top of page


I did a yard walk this week to survey the winter’s effect.  Of main concern was a retaining wall in the front yard that had begun showing gravity’s pull.  I’d been meaning to address it as I knew what the fallout would be.  Sure enough, like a jack-o-lantern puking seeds, the wall had given way.  While my anticipation of damage control was spot on, I failed to act accordingly.   


It got me thinking to the parallels of financial market risk.  Especially in light of the past few weeks' dramatic price action.  The stock market basically regurgitated 3 years gains in 2 weeks.  The easy headline is to attach the Corona Virus as the culprit.  A catalyst? Absolutely.  And certainly, acerbating the velocity & severity of the move.  But I would assert the markets were likely to move south regardless.


I won’t bore you with fundamental metrics like P/E, cash flow, earnings growth etc.  I’ll leave that to the Ivy League eggheads.  Rather, let’s examine something far more rudimentary: human nature.  While people are emotional, markets aren’t.  I would contend the 2 biggest wealth destroyers are ourselves and inflation.  We get in our own way.  We emotionalize cycles with the markets from greed to fear to greed to fear - always repeating.  We all like to believe we think and behave rationally – unfortunately our actions disagree.  Consider the book: The Art of Thinking Clearly – Dobelli.


One basic indicator I utilize is the Fear/Greed Index.  Certainly, a bit interpretational but it gives the general investor risk appetite over specified time periods.  For example, March 9th, the indicator was at an extreme fear level of 3, nearly an all-time low.  Contrast that with early February when the market was on the cusp of all-time highs: a greed reading of 57.

This index is not the end-all of behavioral finance but it’s a very helpful tool – especially at extreme readings.  Tongue-in-cheek, I also check the TMI (the Molly Index) on occasion.  My 91 year old mom usually drops some pearls at market inflection points.  Heading over there soon for a Friday afternoon bourbon to social distance & catch her market 411. Sadly, it comes with a heaping side of Fox News.


So now that a market rout has taken place and we’re arguably in some kind of Bear market.  Our first instinct is to ‘react’, thinking it will immediately help the situation.  Not usually.  What’s done is done – best to survey the damage, try to determine what just happened and calmly resolve what investments are worth saving.  Oh, and turn off the business channels – that’s financial porn that will cloud any sensible judgement.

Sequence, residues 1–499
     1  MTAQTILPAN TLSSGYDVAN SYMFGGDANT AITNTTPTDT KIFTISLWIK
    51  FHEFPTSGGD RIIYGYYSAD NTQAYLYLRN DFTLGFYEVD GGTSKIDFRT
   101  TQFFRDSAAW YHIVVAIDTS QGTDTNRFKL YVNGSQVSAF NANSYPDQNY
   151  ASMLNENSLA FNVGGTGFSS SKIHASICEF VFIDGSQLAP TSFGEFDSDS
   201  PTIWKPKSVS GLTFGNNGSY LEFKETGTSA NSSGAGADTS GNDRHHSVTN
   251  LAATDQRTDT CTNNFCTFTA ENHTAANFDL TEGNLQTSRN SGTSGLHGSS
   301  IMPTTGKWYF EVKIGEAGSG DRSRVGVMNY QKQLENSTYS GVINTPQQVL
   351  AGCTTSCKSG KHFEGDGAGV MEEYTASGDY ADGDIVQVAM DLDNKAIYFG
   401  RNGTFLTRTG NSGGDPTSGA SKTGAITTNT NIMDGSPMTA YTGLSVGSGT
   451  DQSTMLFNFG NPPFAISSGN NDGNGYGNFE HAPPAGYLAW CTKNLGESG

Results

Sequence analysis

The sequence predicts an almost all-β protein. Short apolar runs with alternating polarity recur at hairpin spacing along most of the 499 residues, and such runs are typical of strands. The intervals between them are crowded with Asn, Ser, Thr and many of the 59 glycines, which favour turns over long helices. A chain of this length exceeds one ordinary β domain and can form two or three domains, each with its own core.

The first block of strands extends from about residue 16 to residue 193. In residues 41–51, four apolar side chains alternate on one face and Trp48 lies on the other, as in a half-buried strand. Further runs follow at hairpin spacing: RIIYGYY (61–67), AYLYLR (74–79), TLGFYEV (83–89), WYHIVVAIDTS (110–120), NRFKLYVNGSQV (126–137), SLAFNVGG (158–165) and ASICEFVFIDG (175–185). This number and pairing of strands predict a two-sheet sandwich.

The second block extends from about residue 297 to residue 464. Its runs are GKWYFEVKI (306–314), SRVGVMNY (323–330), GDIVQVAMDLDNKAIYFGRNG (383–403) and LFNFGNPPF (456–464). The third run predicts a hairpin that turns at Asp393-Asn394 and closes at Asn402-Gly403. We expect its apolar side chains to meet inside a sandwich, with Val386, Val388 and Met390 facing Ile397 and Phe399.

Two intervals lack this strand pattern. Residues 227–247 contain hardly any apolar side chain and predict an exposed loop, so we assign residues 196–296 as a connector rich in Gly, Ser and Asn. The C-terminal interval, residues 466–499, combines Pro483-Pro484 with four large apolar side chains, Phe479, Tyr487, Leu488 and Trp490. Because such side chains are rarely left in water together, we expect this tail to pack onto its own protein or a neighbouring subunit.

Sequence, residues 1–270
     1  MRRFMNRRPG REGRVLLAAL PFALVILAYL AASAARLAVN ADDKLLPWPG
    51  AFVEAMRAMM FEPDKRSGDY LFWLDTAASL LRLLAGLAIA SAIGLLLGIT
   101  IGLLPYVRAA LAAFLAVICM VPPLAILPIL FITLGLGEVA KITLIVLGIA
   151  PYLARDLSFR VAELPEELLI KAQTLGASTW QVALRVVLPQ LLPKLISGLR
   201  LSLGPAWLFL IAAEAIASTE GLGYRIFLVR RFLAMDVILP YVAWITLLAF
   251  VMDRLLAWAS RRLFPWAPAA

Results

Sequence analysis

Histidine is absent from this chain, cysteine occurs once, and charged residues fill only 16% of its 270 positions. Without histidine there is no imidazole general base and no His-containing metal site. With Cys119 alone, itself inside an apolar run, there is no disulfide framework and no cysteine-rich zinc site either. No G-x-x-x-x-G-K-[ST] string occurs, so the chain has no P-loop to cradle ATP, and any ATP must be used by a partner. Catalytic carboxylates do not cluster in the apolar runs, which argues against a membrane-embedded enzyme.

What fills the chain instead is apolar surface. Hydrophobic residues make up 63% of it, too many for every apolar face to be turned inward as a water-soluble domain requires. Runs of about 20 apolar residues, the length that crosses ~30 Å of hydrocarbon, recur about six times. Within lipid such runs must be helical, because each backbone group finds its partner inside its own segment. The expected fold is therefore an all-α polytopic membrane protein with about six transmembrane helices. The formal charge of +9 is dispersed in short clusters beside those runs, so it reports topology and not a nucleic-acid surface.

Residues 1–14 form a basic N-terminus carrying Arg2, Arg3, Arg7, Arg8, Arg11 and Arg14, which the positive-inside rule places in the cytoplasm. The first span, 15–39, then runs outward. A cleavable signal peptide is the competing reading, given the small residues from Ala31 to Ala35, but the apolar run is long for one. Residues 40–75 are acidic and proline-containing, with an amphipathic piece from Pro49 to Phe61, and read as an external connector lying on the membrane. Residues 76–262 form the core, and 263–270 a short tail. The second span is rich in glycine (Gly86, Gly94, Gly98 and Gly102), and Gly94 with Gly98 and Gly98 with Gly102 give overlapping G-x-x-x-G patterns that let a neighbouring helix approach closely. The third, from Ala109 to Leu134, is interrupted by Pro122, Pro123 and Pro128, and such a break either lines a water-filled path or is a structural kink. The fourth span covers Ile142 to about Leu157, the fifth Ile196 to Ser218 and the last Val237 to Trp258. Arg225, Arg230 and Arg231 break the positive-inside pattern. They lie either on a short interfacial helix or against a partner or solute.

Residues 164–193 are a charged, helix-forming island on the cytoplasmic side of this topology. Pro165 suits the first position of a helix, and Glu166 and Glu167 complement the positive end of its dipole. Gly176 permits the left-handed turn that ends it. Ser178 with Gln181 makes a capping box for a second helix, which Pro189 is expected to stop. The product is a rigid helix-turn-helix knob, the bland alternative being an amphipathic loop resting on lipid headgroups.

To provide some historical perspective from past market beatings of 20% or more - consider the duration of the drawdown is around 16 months (we’re only at 3 weeks!) and it takes a median 2 years to recapture the previous losses.  My 2 cents is automated trading exaserbates moves in both directions.  Coupled with the swiftness of news, social media and zero commission phone trading, knee jerk reactions are becoming commonplace.   And of course, adaptive behavior, or herding.  Basically, when the keg runs dry, everyone rushes to the exits.

Besides a halted economy, what’s next?  I would suggest letting things settle.  It usually gets worse before it gets better.   There will be plenty of time to rumage the lost and found.  It will take time for the markets to grapple with Virus’ effects and re-price the economy. Let volatility (VIX) and the credit markets calm down.  Personally, I take inventory of what mistakes I’ve made, usually position sizing and asset allocation & avoid the woulda coulda shoulda game - counter productive.  I also raise some capital and make a wish list of opportunities that are inevitably ahead. I constantly remind myself that these are temporary price dislocations due to illiquidity. 


Unfortunately, choosing this profession means dwelling on it.  I don’t recommend that.  Bear markets are like bad golf: you never think it will end.  It will. These are unprecedented times but unprecedented doesn’t mean impossible.    


Stay safe. 


bottom of page